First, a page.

Love, Duty, Humanity, and Virtue

Friday, September 24th, 2010

Cordwainer Smith is an unusual name — an unusual pseudonym, actually — for an unusual man:

At 14, he enrolled at George Washington University, where he proved himself a promising scholar in multiple languages. But this trajectory was diverted when his family suddenly moved back to China. In Beijing, Paul junior was drafted by his father into the burgeoning family business: espionage and psychological warfare. The young Linebarger became immersed in what we now call PsyOps — the art and science of spin, disinformation, whispering campaigns, interrogation, and other forms of influence that don’t depend on brute force, but can bring down an empire.

Of his accomplishments in this arena, the one that made Linebarger most proud was engineering the surrender of thousands of Chinese troops during the Korean War. Because they considered throwing down their arms shameful even when they had no hope of survival, Linebarger drafted leaflets advising them to shout the Chinese words for love, duty, humanity, and virtue when they approached American lines — phonemes that sound conveniently like “I surrender!”

Although he wrote the book on psychological warfare, he’s better remembered for his science fiction classic, “Scanners Live in Vain,” about cyborgs who live with most of their senses and emotions cut off in order to survive the rigors of space, until new developments make their condition unnecessary — and thus make them unnecessary as well:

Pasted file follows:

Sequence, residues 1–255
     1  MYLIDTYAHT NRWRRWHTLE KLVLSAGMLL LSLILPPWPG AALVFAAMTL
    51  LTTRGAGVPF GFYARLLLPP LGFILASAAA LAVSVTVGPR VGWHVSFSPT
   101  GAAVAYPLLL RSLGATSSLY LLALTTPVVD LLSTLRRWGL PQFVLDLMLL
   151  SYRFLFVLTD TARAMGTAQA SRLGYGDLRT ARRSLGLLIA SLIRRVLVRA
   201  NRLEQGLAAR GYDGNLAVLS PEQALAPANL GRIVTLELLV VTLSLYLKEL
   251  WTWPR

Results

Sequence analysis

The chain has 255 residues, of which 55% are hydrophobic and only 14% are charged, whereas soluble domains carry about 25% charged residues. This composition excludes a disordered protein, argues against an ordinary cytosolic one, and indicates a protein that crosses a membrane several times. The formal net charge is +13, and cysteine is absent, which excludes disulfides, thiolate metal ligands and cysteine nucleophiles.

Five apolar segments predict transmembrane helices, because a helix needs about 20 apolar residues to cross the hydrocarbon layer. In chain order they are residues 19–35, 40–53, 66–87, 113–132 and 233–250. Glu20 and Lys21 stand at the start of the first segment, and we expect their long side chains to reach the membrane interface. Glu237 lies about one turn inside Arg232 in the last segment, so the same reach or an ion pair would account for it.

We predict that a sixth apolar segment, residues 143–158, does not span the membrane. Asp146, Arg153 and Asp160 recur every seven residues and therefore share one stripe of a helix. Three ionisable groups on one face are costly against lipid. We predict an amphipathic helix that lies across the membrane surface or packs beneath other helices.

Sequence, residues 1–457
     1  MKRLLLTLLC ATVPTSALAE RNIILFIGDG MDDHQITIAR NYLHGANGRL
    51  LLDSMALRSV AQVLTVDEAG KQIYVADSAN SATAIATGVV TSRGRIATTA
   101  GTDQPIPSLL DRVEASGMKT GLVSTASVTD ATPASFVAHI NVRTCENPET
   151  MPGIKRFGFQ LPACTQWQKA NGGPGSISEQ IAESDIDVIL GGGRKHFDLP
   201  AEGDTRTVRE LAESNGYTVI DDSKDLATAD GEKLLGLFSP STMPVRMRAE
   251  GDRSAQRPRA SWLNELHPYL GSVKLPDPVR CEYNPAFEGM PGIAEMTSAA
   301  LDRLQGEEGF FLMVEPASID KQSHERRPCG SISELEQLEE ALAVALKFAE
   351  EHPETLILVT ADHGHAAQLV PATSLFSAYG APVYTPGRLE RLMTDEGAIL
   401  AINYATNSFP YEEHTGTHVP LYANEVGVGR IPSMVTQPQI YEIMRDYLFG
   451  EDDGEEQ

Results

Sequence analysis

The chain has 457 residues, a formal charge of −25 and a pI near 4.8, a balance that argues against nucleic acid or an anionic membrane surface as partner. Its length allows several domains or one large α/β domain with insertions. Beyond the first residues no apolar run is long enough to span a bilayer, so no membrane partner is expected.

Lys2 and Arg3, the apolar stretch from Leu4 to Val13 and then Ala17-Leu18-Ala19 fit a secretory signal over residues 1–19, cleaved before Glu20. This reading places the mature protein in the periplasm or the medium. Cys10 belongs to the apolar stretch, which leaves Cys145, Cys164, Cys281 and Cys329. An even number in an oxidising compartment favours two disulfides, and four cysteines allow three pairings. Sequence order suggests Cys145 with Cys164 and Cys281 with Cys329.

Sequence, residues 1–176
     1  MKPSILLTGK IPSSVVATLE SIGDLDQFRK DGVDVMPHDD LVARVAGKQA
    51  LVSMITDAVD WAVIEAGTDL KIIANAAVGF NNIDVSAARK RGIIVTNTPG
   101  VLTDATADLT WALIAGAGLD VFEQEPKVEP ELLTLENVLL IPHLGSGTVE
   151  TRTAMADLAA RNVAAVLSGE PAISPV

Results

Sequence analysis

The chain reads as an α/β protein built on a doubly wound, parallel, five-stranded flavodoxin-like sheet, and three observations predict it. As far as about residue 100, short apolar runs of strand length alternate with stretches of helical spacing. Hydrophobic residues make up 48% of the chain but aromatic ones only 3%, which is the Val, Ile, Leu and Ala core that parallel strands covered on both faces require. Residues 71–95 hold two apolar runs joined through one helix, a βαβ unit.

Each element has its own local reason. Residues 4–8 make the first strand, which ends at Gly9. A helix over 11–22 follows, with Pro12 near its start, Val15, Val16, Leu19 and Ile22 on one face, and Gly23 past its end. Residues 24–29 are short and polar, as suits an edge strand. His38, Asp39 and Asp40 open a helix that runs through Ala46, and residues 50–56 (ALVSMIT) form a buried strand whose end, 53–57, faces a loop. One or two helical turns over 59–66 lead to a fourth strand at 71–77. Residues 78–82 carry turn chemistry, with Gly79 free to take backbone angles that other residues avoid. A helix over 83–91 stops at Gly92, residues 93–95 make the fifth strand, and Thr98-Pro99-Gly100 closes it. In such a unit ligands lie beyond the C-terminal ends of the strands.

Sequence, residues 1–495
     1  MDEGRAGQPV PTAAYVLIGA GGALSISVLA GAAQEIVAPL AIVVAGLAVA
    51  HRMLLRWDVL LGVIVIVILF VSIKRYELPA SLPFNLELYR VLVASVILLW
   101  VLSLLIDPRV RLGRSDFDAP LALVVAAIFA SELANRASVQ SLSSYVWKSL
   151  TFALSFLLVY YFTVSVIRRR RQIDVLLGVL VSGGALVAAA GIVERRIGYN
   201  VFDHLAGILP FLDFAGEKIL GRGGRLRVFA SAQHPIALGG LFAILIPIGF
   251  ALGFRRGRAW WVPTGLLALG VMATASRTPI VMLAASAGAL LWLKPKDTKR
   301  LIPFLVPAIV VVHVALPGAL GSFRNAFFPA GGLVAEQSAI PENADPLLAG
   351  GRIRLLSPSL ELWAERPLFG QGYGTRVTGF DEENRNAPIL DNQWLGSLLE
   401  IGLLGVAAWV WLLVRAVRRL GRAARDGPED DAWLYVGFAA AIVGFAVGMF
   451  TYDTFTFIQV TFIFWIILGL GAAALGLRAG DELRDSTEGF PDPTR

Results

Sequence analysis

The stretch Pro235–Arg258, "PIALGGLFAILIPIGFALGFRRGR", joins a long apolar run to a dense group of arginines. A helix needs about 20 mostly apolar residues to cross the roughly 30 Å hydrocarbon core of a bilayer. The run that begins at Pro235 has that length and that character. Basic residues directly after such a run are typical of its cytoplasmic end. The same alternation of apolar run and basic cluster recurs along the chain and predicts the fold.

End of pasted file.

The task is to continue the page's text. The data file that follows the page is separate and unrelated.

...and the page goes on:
The magazine [Fantasy Book]’s “off-trail” circulation might have meant the end of Smith’s brief career but for the happy coincidence that Frederik Pohl — one of the deans of American science fiction — had a story in the same issue. Pohl found it difficult to believe that the author of “Scanners” was a newbie to the genre. He felt certain that Cordwainer Smith must have been the pen name of an already well-known writer: Heinlein, Sturgeon perhaps, or A. E. van Vogt. In his introduction to the Smith collection When the People Fell, Pohl observed, “There was too great a wealth of color and innovation and conceptually stimulating thought in Scanners for me to believe for one second that it was the creation of any but a top master in science fiction. It was not only good. It was expert. Even excellent writers are not usually that excellent the first time around.”

Pohl effectively jump-started Smith’s career by reprinting “Scanners” in one of the first mass-market sci-fi anthologies, Beyond the End of Time, in 1952. For years, the author’s true identity was a matter of smoky late-night debates among SF writers and fans not likely to ever come across a copy of Psychological Warfare, or to make the connection if they did. By the late 1950s, Cordwainer Smith stories appeared regularly in magazines like If and Galaxy. Sci-fi heavyweight Robert Silverberg, author of ingenious books like Dying Inside and The Majipoor Chronicles, also hailed Scanners as a subversive classic, including it in his influential 1970 anthology, The Science Fiction Hall of Fame.

Leave a Reply